Present Reality and Future Possibilities for the Rural United Methodist Church

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This thesis examines the distinctive nature, specific struggles, and ultimately hopeful future of rural congregations in the United Methodist Church. Drawing from my experience pastoring various rural churches, I address a set of critical questions that every rural congregation faces: What factors allow certain congregations and their pastors to sustain and renew their mutual ministries while most other churches and ministers continue their perpetual decline? What particular constellation of approach, community, leadership, and mission enables a rural congregation to turn from loss toward growth? I argue that the pastor of a rural Methodist church, recognizing that God uses seemingly small things to accomplish great purposes, must fully embrace her call to a rural congregation, even though such an appointment is temporary and may seem less important than appointments to larger, more apparently “dynamic” congregations. To be fully present, the pastor must commit herself wholeheartedly to the congregation’s flourishing, and to learn to see and embrace the particular gifts and challenges that a rural church presents.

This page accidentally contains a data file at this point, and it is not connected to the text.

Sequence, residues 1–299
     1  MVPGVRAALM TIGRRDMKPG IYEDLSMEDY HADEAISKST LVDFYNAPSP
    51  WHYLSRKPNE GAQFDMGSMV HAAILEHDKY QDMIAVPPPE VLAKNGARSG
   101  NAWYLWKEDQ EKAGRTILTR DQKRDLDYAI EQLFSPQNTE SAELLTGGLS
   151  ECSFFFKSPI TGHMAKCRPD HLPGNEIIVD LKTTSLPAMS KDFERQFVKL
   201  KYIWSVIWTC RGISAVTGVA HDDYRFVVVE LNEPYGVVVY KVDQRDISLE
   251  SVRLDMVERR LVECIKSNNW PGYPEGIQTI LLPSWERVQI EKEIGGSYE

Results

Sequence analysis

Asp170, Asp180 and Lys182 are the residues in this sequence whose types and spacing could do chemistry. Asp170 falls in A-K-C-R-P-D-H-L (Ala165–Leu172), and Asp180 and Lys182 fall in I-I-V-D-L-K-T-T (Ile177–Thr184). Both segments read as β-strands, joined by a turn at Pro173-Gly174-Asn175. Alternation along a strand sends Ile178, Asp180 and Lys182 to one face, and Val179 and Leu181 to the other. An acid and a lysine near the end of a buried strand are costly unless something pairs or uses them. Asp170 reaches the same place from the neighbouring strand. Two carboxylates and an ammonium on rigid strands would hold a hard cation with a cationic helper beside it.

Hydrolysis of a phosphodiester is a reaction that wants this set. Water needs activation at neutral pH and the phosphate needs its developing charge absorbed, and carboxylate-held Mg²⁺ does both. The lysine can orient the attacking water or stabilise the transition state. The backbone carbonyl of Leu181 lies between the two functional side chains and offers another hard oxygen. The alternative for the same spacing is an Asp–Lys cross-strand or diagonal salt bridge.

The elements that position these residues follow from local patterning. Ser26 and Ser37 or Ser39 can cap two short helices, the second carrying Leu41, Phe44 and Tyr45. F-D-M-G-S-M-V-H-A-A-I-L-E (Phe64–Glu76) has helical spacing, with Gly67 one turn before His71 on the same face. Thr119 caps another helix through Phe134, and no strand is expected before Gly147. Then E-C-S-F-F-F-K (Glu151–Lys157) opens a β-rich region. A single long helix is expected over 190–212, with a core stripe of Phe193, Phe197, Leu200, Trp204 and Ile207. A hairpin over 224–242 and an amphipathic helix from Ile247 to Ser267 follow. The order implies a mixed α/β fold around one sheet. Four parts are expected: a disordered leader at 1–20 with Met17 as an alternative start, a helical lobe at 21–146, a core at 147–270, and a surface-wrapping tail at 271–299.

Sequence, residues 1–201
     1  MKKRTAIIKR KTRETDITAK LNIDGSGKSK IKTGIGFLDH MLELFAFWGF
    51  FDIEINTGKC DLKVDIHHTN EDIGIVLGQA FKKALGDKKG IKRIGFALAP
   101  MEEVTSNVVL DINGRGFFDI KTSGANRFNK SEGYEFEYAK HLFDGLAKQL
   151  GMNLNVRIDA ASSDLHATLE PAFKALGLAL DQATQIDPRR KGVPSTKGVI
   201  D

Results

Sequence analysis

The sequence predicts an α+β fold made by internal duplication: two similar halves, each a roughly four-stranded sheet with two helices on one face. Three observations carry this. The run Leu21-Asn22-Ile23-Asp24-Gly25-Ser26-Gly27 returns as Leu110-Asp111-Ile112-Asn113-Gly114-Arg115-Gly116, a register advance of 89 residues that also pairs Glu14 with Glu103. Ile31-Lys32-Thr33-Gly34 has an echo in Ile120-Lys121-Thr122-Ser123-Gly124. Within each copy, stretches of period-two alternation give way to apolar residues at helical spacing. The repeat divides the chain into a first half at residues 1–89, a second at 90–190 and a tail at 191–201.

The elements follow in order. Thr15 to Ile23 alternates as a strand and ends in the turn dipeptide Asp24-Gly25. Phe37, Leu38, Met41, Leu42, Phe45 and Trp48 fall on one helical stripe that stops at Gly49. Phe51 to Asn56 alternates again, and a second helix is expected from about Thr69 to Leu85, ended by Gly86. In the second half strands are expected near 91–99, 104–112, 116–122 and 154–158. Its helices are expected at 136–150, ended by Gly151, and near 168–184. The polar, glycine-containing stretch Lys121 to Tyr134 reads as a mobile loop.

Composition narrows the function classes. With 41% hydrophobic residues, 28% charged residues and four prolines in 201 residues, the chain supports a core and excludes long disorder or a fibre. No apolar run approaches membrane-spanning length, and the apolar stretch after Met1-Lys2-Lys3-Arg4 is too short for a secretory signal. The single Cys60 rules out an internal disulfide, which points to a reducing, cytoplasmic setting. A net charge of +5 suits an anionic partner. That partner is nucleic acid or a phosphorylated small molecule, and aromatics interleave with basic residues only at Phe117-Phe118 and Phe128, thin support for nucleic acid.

I make this argument by articulating six specific practices of faithful pastoral leadership in a rural church: (1) embracing the particular context of pastoral ministry, (2) cultivating the habit of active visitation, (3) establishing a broad context for preaching that goes beyond the pulpit, (4) re-envisioning leadership as a cooperative venture, (5) framing a congregation’s mission with attention to its particular gifts, and (6) promoting a culture of celebrating God’s work in the world. These six practices serve, in turn, as occasions to explore specific methods and tools unique to small rural churches, given their particular needs and gifts.





Kim, Ui Yeon (2021). Present Reality and Future Possibilities for the Rural United Methodist Church. Dissertation, Duke University. Retrieved from


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